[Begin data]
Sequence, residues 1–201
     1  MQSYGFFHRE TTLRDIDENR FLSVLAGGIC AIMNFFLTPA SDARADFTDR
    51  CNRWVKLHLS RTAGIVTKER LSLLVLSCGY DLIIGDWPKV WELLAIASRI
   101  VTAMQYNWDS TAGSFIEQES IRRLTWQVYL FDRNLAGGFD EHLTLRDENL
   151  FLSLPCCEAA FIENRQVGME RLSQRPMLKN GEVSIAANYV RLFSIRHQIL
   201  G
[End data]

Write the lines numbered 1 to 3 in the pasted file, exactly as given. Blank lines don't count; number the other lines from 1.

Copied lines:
Sequence, residues 1–201
     1  MQSYGFFHRE TTLRDIDENR FLSVLAGGIC AIMNFFLTPA SDARADFTDR
    51  CNRWVKLHLS RTAGIVTKER LSLLVLSCGY DLIIGDWPKV WELLAIASRI